Everyone has heard how dangerous the swine flu is. Many of us have even suffered through having the swine flu. Unfortunately, the swine flu affected a close family member more than most.
Becky is only forty years old. She smokes, but doesn’t drink. Like most, she gets a few colds a year. Then she got sick with what she thought was just a bad cold. After two weeks of suffering without any improvement, she couldn’t even stand up without getting dizzy. She headed to the hospital.
At the hospital, Becky was diagnosed with the H1N1 flu, or swine flu, as well as double pneumonia. Double pneumonia means both lungs are infected. She was admitted for treatment. Three days later, she became agitated and was resisting treatment. The doctor decided to put her in a coma to continue the treatment. She was moved to the ICU.
I visited Becky the day she was put in the ICU. She looked awful. She was unconscious, with a breathing tube down her throat. The nurses hooked her up to several different machines to monitor her progress. Becky also had IV antibiotics to fight the pneumonia. Her lungs were both half full of fluid.
Later, when the doctors attempted to bring Becky out of the coma, she wouldn’t wake up. Two days later, another doctor ordered an MRI and found that she had suffered several mini strokes. When she had become agitated before being put under, a blood clot had come loose, eventually traveling to the blood vessels in her brain. The strokes were the reason the previous attempts to wake her had been unsuccessful.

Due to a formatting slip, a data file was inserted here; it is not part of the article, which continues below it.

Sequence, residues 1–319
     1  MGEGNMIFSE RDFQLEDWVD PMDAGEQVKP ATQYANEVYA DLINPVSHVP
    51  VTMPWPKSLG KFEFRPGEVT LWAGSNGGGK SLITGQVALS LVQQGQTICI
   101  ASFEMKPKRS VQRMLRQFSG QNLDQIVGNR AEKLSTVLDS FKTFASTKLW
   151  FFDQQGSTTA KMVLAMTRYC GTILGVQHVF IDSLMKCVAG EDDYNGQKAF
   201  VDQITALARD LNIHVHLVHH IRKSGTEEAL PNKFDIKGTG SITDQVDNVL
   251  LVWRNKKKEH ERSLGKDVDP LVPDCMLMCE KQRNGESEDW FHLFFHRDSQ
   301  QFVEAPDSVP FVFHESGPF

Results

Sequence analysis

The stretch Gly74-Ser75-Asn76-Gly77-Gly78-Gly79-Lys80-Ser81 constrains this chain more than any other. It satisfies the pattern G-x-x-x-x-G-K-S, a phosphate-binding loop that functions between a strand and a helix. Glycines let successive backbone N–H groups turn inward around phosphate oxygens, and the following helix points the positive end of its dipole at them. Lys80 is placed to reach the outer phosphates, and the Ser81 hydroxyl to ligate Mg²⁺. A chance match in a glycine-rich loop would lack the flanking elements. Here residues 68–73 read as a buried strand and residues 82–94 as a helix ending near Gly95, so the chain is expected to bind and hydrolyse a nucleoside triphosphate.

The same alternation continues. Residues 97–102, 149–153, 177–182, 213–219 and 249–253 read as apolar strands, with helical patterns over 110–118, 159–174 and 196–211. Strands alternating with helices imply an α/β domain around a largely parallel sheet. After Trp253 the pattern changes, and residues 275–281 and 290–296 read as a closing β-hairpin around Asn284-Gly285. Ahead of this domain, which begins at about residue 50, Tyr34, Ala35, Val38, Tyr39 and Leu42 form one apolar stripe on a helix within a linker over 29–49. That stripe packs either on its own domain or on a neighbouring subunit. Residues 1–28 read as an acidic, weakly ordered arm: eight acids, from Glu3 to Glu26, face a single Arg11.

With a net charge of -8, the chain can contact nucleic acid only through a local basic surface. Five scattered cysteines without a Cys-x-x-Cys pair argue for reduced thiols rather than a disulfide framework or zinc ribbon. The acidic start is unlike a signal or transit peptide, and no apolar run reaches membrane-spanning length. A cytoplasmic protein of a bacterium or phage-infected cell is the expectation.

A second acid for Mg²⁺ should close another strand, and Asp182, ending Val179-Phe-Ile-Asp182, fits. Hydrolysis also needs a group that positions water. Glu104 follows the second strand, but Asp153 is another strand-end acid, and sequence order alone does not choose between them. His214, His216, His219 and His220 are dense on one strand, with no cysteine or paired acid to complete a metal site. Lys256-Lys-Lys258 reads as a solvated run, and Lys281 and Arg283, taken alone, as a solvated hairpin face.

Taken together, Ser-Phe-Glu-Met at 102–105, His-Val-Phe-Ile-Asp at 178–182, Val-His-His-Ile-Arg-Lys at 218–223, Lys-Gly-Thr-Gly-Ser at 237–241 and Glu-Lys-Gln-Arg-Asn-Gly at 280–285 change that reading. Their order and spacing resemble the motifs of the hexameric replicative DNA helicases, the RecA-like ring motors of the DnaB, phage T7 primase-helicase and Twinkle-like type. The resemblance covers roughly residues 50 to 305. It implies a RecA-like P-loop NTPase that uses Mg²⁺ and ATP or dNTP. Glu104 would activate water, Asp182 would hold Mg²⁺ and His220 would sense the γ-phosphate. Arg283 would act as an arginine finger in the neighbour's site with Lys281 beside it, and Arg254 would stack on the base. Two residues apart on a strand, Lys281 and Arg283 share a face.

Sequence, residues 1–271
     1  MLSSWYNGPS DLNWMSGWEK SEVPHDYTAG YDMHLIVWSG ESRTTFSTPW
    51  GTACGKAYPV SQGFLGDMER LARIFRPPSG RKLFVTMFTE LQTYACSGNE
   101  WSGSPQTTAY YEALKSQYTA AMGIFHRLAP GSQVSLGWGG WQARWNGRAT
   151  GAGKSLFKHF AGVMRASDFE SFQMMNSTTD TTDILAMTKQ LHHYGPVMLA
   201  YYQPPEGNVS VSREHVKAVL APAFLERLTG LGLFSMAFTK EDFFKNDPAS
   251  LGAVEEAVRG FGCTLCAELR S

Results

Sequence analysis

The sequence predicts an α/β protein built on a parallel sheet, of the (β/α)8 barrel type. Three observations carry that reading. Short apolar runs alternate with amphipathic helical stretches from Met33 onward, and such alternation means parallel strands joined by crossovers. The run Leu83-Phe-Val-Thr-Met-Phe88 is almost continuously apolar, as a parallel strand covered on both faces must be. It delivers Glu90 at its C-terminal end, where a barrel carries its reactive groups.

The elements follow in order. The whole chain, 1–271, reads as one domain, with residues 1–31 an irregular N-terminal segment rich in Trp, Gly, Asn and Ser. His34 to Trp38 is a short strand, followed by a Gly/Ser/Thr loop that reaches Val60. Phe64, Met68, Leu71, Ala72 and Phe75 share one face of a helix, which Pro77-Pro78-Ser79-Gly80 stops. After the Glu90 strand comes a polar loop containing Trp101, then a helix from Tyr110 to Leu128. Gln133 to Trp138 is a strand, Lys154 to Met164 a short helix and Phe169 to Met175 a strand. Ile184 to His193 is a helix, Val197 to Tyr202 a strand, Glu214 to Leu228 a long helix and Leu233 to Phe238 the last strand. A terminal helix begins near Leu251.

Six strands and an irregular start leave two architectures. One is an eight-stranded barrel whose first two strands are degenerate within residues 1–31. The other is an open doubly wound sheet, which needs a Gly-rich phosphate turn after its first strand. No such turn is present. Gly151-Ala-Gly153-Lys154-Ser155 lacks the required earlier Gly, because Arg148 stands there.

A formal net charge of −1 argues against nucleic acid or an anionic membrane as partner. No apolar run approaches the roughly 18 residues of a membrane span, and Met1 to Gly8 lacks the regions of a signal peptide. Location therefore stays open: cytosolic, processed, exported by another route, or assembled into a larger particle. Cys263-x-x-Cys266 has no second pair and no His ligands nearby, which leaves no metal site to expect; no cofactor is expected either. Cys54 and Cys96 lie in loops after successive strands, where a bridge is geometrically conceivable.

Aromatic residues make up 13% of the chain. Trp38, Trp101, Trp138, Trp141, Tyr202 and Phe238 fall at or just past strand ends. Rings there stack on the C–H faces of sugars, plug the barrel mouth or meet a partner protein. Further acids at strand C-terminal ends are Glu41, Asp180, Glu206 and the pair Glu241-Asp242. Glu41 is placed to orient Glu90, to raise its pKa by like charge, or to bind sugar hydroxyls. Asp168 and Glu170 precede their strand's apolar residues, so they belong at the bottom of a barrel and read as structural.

Once the doctors were able to wake Becky from the coma, they learned another disheartening effect of her illness. She was blind. What began as the swine flu became a life-changing disability. She couldn’t talk at first, couldn’t get up, and couldn’t eat. The strokes affected her motor skills, and caused her blindness.
The doctors predicted Becky would be in the hospital for months, and then spend several more months in a rehabilitation center. It was a shock. After a couple of weeks, she was moved out of the ICU and into another unit of the hospital. The doctors inserted a permanent feeding tube. Suddenly, she started improving at a phenomenal rate. Rather than spend months in the hospital, she was released after just a couple more weeks.
Her mother in law had been a nurse years before. She took classes to update the skills she would need to take care of Becky. Becky is home with her now. While she will need full time home care for at least the next six months, if she continues to improve she will be able to return home to her husband and dog without the need for a full time care nurse. She is talking, and her motor skills are starting to return. She has said she can see shadows. Becky has been having hallucinations. The doctors say this is good; that the hallucinations mean her brain is trying to rewire itself to do all of the things it used to before the stroke.
Swine flu caused all of these things to happen. Becky is my reminder that this could happen to any one of us.